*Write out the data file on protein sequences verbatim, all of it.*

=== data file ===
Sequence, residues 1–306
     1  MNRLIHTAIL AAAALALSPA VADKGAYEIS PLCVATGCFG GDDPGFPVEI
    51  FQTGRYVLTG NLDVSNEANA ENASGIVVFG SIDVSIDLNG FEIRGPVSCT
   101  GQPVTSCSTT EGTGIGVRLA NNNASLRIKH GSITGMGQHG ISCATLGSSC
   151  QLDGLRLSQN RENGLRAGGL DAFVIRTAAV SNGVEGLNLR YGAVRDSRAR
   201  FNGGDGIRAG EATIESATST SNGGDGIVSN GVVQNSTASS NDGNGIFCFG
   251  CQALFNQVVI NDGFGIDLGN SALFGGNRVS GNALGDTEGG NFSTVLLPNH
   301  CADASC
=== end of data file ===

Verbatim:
Sequence, residues 1–306
     1  MNRLIHTAIL AAAALALSPA VADKGAYEIS PLCVATGCFG GDDPGFPVEI
    51  FQTGRYVLTG NLDVSNEANA ENASGIVVFG SIDVSIDLNG FEIRGPVSCT
   101  GQPVTSCSTT EGTGIGVRLA NNNASLRIKH GSITGMGQHG ISCATLGSSC
   151  QLDGLRLSQN RENGLRAGGL DAFVIRTAAV SNGVEGLNLR YGAVRDSRAR
   201  FNGGDGIRAG EATIESATST SNGGDGIVSN GVVQNSTASS NDGNGIFCFG
   251  CQALFNQVVI NDGFGIDLGN SALFGGNRVS GNALGDTEGG NFSTVLLPNH
   301  CADASC